| 18 May 2024, Saturday |

Tunisians hold sit-in to demand freedom of expression

After the trial of a student activist, scores of Tunisians took part in a sit-in in the capital Tunis to demand “lifting restrictions on freedom of expression and opinion.
Activists and members of the General Union of Tunisian Students (UGTE), a student union, participated in a protest against the background of the trial of student activist Othman Al-Aridi.
Al-Aridi, who has been released on bail, said: “I was arrested for demonstrating in the capital about two weeks ago, and this came because of malicious charges.”
“It was later proven, when I was presented to the Public Prosecution at the Court of First Instance on charges of assault and attempting to stab a security officer, that it was incorrect.”
“My message, along with the participants in today’s protest, is based on the need to respect the right to freedom of expression and opinion of every Tunisian. These rights must not be restricted because of our disagreement.”
Several human rights parties in Tunisia recently warned of the decline in freedoms and increasing restrictions on freedom of expression.
This is in spite of President Kais Saied stressing that “there is absolutely no room for violating human rights, and there is no room for violating rights and freedoms, because we will never accept that.”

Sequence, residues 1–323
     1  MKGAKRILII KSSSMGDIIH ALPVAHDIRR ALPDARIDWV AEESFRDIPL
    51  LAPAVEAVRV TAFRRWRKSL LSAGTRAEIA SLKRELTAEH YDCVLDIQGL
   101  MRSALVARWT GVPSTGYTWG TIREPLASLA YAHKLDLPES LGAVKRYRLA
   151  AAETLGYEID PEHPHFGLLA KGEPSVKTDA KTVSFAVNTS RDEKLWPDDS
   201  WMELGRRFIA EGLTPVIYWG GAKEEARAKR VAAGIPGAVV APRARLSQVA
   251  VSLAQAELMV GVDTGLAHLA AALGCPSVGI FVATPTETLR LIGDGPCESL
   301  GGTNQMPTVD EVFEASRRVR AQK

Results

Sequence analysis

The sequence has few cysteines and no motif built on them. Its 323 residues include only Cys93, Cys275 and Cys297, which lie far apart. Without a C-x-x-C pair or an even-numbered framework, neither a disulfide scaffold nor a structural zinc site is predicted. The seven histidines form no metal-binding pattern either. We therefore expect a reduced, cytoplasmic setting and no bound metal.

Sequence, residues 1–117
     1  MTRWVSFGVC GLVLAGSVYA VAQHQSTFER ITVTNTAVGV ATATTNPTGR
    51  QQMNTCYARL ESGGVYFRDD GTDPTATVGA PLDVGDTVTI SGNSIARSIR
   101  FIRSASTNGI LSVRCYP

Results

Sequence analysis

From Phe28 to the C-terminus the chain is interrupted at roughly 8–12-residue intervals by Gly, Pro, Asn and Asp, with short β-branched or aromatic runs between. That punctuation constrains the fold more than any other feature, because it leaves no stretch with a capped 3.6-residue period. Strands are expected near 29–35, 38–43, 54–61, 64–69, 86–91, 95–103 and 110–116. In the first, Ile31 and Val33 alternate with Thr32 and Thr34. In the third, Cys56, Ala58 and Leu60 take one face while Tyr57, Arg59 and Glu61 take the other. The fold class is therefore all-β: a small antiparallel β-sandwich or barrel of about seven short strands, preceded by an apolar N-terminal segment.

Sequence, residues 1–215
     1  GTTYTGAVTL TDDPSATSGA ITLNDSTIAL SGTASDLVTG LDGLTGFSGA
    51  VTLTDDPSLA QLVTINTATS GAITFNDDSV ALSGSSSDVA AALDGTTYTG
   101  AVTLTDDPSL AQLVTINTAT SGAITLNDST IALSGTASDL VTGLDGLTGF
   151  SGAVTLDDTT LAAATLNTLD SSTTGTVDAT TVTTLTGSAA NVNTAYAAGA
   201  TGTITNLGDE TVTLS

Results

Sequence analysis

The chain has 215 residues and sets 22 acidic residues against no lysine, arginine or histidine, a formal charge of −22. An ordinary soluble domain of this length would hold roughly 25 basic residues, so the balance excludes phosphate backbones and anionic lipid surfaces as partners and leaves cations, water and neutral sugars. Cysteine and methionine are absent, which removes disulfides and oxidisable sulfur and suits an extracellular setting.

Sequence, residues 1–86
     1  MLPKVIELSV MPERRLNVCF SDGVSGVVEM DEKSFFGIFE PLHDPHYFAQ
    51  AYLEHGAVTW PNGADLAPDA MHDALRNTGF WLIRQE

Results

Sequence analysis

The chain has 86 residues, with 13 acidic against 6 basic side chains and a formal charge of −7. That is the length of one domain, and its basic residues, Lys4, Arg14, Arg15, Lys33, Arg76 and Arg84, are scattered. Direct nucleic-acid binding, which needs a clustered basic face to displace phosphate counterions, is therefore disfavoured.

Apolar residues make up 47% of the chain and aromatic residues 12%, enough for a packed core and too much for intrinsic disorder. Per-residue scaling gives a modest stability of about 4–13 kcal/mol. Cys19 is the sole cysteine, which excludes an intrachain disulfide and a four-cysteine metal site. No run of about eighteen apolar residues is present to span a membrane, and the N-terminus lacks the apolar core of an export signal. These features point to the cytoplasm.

Saied has held nearly total power since 25 July when he sacked the prime minister, suspended parliament and assumed executive authority citing a national emergency.
He appointed a prime minister on 29 September and a government has since been formed.
The majority of the country’s political parties slammed the move as a “coup against the constitution” and the achievements of the 2011 revolution. Critics say Saied’s decisions have strengthened the powers of the presidency at the expense of parliament and the government, and that he aims to transform the country’s government into a presidential system.
On more than one occasion, Saied, who began a five-year presidential term in 2019, said that his exceptional decisions are not a coup, but rather measures within the framework of the constitution to protect the state from “imminent danger”.